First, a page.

The president entered office seeking to overturn the Affordable Care Act, revamp Medicaid and drive down prescription drug prices, among other things. He’s hit some stone walls.
The announcement clears the way for Florida and other states to implement a program bringing medications across the border to save money. The effort is strongly opposed by drugmakers and the Canadian government.
Few places loom as large in the race for the White House as here in Pinellas County, the largest swing county in the ultimate swing state. And polls show that many people will have the pandemic and its public health and economic consequences on their minds when they cast their votes.
The Trump administration is primed to approve a plan designed to help lower costs of some prescription drugs by allowing states to import them from Canada. The announcement could come before Election Day, and Florida appears to be in line to go first.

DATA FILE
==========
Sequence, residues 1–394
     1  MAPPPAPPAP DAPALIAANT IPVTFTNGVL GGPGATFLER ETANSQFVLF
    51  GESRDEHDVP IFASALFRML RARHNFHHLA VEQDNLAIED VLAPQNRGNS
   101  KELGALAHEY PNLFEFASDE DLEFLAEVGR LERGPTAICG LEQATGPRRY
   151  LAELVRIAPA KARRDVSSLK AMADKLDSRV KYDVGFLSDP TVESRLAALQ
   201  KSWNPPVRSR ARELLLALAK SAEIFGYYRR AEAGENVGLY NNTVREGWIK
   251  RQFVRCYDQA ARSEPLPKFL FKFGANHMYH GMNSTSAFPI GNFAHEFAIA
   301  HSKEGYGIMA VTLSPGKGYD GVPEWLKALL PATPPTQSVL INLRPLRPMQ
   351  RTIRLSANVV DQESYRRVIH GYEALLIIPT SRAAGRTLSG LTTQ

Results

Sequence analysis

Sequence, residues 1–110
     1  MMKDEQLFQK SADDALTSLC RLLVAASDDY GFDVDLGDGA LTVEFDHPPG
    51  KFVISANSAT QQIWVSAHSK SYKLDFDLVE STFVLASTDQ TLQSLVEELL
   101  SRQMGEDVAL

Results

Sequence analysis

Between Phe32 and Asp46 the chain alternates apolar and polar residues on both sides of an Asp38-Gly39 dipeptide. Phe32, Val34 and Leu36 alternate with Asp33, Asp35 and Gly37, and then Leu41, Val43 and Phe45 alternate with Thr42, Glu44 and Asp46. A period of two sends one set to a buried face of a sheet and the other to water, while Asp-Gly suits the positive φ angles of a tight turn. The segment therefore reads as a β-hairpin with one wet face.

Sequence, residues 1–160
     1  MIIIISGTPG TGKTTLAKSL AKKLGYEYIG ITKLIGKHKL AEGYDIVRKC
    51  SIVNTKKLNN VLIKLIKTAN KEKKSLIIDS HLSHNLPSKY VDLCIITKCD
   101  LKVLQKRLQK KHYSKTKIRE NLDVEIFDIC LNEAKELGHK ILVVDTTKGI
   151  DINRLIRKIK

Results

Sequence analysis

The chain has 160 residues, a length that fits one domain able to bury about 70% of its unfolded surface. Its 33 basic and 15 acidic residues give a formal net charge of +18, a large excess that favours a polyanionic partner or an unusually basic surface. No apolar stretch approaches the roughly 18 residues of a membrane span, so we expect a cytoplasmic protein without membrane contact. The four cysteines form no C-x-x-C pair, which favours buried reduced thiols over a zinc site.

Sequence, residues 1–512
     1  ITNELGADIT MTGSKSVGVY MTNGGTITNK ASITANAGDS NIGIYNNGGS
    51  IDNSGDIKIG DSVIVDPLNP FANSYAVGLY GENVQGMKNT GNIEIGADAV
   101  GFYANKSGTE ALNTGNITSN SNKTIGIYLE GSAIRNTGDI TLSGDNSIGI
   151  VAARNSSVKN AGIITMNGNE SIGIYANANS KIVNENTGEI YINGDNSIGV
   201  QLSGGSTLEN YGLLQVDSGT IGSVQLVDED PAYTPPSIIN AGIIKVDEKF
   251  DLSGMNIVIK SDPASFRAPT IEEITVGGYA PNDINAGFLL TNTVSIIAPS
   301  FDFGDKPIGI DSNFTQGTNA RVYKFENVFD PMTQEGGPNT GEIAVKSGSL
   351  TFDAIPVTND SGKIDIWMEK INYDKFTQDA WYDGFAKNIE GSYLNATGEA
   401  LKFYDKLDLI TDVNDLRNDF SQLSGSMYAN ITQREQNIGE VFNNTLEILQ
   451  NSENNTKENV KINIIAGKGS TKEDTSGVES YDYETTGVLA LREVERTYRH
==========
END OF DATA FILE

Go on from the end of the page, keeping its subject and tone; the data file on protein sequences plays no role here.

Once there were 23 of these nonprofit plans across 26 states; in January there will be only three, serving Maine, Wisconsin, Montana, Idaho and Wyoming.
Although it is still early, available numbers provide backup.
Pennsylvania and New Jersey are leaving the federal marketplace this fall to save money and will start their own insurance exchanges. Kentucky, New Mexico, Virginia and Maine are looking to join them in 2021 or beyond.
People have flooded U.S. testing sites with requests to participate in the pivotal, late-stage clinical trials of the first two COVID-19 vaccine candidates.
For the first time since 2017, Medicaid enrollment has begun increasing again, but not by as much as many analysts expected.
With COVID-19 tests bogged down in backlogs, some states that relied on private laboratories, such as Quest Diagnostics, are trying to adapt as caseloads rise.